The Vineyard Movement

Its Leadership and Doctrine*


John Wimber -- No one doubts that the central figure behind the Vineyard was John Wimber (died 11/17/97 at 63 years of age). After Wimber's conversion, he became active at a "Friends church" (Quaker). Later, he joined its staff but became disillusioned with the local church. During this time, Wimber was a dispensationalist who rejected the "charismatic gifts" as viable for today. Wimber left the church and took a position at the Fuller Institute of Church Growth. While teaching at Fuller, as a result of personal experience and testimonies of happenings among Christians in the Third World, Wimber "felt compelled to reexamine Scripture, looking more carefully at the relationship between spiritual gifts and evangelism" (Power Evangelism, p. 85). In 1978, he returned to the pastorate at one of the branch churches of Calvary Chapel (mildly charismatic). During the first year of that pastorate, he began praying for supernatural healing of his people. Nothing happened for ten months; then one day a woman was "healed." This was the beginning of the "signs and wonders movement" (pp. 90-91). In 1982, because of sharp differences, Wimber's church broke from Calvary Chapel and was renamed the Vineyard Christian Fellowship.

C. Peter Wagner -- Wagner has long been recognized as an authority in both world missions and church growth. He was drawn towards signs and wonders by observing that church growth was most rapid among the Pentecostal and charismatic ranks, especially in the Third World. Wagner's obsession with demons and "signs and wonders" seems to have started at Fuller Theological Seminary where he was a "think tank" genius who created methodologies and strategies for the reintroduction of fake gifts and mission to the churches. He was the professor of Fuller's School of World Mission, and was a disciple and close associate of John Wimber. He co-authored the Fuller course MC510 - Signs, Wonders and Church Growth with Wimber, and took this course globally to every continent. He and Wimber were the implementers of the so-called "restoration of the missing holy spirit to the Churches."

Wagner has strategically placed himself into the middle of an international network of "Christian" activities to help implement, organize, and dominate a Global Church within the coming New World Order. Currently, Wagner is President of Global Harvest Ministries whose main objective states: "From day one we have joined hands with Jesus of whom it was said, 'The Son of God was manifested, that He might destroy the works of the devil' (1 Jn. 3:8). Our mandate is to weaken the 'god of this age' that he will no longer be able to blind the minds of men and women who are lost. We know that you are ready for war!" (Doesn't Scripture say that Jesus Himself will destroy the devil, not through any effort by Global Harvest?) Through Global Harvest Ministries and it offshoots, Wagner Leadership Institute and the World Prayer Center (WPC), Wagner is training future "Christian" leaders, tracking thousands of churches by computer, and creating a "New Way" in which the Holy Spirit is working in this age. Wagner says, "We see our task as getting people in touch with one another to form interactive, human web networks that are properly equipped to wage effective spiritual warfare." The WPC is "a fully equipped nerve center with data and information about prayer needs throughout the world [which] ... networks prayer ministries, denominations, churches and cell groups. This creates a united prayer front that will end Satan's attempt to divide and isolate believers, and to blind so many to the Gospel of Jesus Christ." (Quotes from the World Prayer Center website. Emphasis added.) As part of his networking plan, Wagner recently founded the idea of the "New Apostolic Reformation," where apostles and prophets are rising up to take control of the Church. Wagner recently proclaimed himself "presiding apostle" of a coalition of 200 "true" apostles by forming the "International Coalition of Apostles." Their mandate is to build and usher in the Kingdom of God.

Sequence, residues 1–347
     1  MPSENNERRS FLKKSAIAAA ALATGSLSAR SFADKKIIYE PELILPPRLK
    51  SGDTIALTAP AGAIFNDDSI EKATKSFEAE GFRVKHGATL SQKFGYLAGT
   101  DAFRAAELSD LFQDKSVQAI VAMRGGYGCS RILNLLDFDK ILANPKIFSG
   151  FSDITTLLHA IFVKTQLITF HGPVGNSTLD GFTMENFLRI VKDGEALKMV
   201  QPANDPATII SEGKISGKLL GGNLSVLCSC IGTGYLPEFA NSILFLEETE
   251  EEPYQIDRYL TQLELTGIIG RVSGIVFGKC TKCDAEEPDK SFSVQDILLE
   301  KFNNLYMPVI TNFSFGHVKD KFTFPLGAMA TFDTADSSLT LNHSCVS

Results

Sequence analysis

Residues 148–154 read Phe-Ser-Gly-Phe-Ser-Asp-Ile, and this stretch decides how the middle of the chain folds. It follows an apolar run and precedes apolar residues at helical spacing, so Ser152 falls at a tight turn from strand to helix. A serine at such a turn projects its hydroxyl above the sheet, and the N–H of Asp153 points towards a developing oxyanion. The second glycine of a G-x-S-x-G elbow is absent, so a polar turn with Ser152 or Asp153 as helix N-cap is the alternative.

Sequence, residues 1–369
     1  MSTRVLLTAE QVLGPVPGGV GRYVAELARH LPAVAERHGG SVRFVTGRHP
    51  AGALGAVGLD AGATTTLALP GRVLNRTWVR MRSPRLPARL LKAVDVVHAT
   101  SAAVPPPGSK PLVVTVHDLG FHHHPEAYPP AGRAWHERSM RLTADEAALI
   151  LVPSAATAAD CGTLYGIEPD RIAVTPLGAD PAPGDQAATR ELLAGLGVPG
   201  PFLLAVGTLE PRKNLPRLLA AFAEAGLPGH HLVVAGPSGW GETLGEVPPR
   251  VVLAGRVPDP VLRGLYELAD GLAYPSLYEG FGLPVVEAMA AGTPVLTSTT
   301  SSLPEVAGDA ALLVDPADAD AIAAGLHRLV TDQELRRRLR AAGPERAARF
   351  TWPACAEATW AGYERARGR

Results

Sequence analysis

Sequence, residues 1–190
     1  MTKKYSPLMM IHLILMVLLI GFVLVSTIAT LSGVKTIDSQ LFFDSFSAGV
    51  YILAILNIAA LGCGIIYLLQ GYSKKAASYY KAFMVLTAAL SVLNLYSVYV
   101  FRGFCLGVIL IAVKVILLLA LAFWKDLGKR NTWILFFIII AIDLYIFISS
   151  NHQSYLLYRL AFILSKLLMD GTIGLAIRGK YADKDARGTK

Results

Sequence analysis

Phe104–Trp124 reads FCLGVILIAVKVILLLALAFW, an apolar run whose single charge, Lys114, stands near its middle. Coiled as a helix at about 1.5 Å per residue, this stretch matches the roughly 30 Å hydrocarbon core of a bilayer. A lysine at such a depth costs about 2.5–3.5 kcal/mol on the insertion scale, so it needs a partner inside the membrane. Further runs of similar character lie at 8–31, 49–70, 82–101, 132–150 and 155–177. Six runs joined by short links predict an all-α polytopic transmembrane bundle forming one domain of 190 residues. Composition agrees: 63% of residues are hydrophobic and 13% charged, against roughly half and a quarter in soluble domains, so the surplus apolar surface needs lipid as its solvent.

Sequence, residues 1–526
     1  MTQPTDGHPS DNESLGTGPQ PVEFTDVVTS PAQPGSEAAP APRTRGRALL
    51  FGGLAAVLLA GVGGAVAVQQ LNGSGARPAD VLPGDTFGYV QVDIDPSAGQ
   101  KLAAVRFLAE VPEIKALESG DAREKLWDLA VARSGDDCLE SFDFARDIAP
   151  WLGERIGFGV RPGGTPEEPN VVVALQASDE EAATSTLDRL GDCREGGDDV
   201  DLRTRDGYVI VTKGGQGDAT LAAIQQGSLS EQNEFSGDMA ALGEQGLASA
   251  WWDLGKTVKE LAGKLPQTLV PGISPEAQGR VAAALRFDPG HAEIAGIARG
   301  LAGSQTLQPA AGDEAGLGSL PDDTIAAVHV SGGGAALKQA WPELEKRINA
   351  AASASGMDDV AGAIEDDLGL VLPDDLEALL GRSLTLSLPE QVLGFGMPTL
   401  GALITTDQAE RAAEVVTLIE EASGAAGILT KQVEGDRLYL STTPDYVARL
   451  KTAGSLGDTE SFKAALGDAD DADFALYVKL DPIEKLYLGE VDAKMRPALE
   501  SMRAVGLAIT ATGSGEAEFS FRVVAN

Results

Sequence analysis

Because of this unbiblical belief in a "new and improved" holy spirit, Wagner has publicly affirmed many charismatic deceptions, like the "gold fillings" miracles in Latin America, where people have reported having regular fillings in their mouth changed to gold by the power of God. (Wagner's Confronting the Powers, p. 59.) His reliance on extra-biblical spirituality is so strong, in fact, that Wagner believes that occult practitioners have superior knowledge to Christians. He states in Confronting the Powers that "certain people, such as shamans, witch doctors, practitioners of Eastern religions, New Age gurus or professors of the occult on university faculties are examples of the kind of people who may have much more extensive knowledge of the spirit world than most Christians have." He goes so far as to advocate that Christians attempt "first-hand research into the world of darkness" and chides those who are unwilling to listen to "independent expertise in demonology" (Powers, p. 147). 

Paul Cain -- Cain is the most well known of the Vineyard "prophets." Cain was a contemporary of Oral Roberts during the tent revivals of the 1940s and '50s. He left the healing revival circuit in 1957, supposedly because many of the leaders were becoming "disobedient." He remained semi-secluded until the Vineyard movement was born, and then he stepped into the revival arena once again. He is considered the greatest of the modern day prophets by the leadership of the Vineyard. He claims to speak regularly with angels, to receive prophetic revelations directly from God, and to have powerful gifts of healing. Some believe him to be an apostle, although Cain does not accept that title.